* R. Zvi Hirschhorn (the questioner in Responsa Hazon Nahum).
* R. Saul Lieberman, Tosefta Kifshuta, Vol. 4, New York, 1962, pp. 514-515
* R. Nahum Weidenfeld, Responsa Hazon Nahum, Bilgoray, 1939, No. 46
* R. Yitzhak Yosef, Yalkut Yosef, Vol. 5, Jerusalem, 1988, p. 360
Prof. David Golinkin is President of the Schechter Institute of Jewish Studies in Jerusalem. Feel free to reprint this article in its entirety. If you wish to abbreviate it, please contact Rabbi Golinkin at email@example.com. The opinions expressed here are the author’s and in no way reflect an official policy of the Schechter Institute.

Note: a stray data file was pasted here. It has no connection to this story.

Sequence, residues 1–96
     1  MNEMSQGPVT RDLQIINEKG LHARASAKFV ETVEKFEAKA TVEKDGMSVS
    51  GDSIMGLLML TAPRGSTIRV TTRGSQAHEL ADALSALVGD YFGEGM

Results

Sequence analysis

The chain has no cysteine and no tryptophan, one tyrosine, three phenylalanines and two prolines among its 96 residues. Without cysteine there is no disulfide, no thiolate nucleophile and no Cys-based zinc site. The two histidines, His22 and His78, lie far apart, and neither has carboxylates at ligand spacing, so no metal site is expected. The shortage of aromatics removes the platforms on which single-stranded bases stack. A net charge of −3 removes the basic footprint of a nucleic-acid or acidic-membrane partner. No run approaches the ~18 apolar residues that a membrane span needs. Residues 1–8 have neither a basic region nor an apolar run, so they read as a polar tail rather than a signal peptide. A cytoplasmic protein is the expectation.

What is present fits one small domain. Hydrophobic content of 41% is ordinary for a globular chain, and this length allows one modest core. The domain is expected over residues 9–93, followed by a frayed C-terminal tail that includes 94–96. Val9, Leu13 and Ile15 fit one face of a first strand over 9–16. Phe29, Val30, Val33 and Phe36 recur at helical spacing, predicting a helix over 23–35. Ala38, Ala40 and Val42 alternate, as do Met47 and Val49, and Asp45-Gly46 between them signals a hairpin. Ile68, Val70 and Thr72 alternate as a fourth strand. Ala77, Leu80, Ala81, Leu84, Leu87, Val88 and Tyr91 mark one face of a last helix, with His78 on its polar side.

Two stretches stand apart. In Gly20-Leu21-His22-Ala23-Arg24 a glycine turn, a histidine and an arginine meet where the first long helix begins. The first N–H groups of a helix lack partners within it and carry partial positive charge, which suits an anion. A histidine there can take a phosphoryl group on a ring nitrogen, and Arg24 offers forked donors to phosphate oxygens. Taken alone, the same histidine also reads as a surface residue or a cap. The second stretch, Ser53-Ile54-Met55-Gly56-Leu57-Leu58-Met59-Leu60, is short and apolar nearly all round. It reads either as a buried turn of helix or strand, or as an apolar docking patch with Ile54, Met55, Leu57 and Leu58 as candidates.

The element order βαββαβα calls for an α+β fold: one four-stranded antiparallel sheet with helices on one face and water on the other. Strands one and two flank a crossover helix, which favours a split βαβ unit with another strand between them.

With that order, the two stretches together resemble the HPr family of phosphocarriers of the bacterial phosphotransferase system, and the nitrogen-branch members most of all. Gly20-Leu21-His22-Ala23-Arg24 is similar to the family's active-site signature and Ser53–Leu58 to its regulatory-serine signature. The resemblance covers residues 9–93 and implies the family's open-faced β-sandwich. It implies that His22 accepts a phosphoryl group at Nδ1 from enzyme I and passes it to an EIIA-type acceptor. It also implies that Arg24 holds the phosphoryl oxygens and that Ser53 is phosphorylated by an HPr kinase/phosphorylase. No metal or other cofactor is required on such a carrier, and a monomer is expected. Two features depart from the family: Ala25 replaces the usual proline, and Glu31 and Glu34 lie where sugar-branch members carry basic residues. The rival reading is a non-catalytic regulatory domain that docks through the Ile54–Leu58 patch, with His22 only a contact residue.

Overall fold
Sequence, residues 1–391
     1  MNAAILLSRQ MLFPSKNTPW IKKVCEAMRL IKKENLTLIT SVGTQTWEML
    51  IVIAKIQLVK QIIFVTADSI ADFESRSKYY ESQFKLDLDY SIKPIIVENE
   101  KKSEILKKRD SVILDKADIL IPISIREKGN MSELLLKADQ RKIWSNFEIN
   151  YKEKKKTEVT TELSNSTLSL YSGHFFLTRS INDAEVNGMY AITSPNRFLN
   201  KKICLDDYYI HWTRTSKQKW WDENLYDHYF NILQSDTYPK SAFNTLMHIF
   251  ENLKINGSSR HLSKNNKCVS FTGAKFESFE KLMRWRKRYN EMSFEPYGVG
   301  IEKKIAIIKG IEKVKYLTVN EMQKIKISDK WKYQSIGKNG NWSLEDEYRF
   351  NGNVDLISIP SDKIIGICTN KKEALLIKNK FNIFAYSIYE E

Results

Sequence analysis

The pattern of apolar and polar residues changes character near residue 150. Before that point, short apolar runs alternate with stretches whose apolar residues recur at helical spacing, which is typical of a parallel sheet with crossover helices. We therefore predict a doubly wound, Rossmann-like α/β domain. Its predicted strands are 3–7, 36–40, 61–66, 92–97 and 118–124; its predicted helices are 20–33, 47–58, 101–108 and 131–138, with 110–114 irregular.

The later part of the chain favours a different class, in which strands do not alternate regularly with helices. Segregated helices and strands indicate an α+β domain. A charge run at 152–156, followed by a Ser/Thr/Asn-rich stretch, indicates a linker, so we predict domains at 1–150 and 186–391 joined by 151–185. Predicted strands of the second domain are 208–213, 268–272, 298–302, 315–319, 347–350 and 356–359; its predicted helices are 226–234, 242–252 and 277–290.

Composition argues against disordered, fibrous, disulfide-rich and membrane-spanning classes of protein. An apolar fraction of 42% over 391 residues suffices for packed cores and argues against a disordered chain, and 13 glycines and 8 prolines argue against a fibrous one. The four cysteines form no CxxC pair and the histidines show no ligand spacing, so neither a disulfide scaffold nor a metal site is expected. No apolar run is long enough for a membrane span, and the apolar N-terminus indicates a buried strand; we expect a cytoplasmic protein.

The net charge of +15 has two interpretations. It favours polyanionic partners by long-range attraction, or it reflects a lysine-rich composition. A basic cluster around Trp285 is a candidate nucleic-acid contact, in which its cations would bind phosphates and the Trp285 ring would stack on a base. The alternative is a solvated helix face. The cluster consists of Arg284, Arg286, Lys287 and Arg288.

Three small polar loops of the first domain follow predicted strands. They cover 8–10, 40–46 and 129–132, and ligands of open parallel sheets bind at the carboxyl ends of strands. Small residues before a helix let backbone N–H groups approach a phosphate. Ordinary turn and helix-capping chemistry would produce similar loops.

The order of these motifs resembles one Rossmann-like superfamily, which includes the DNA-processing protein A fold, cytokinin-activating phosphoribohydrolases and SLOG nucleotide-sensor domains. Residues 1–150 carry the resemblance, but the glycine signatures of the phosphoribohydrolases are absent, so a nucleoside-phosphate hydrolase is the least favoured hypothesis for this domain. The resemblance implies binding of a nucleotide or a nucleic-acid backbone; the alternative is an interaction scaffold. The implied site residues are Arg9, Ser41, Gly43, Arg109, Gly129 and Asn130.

David Golinkin is President of The Schechter Institutes, Inc. and President Emeritus of the Schechter Institute of Jewish Studies. For twenty years he served as Chair of the Va’ad Halakhah (Law Committee) of the Rabbinical Assembly which gives halakhic guidance to the Masorti Movement in Israel. He is the founder and director of the Institute of Applied Halakhah at Schechter and also directs the Center for Women in Jewish Law. Rabbi Professor Golinkin made aliyah in 1972, earning a BA in Jewish History and two teaching certificates from The Hebrew University in Jerusalem. He received an MA in Rabbinics and a PhD in Talmud from the Jewish Theological Seminary of America where he was also ordained as Rabbi. For a complete bio click here.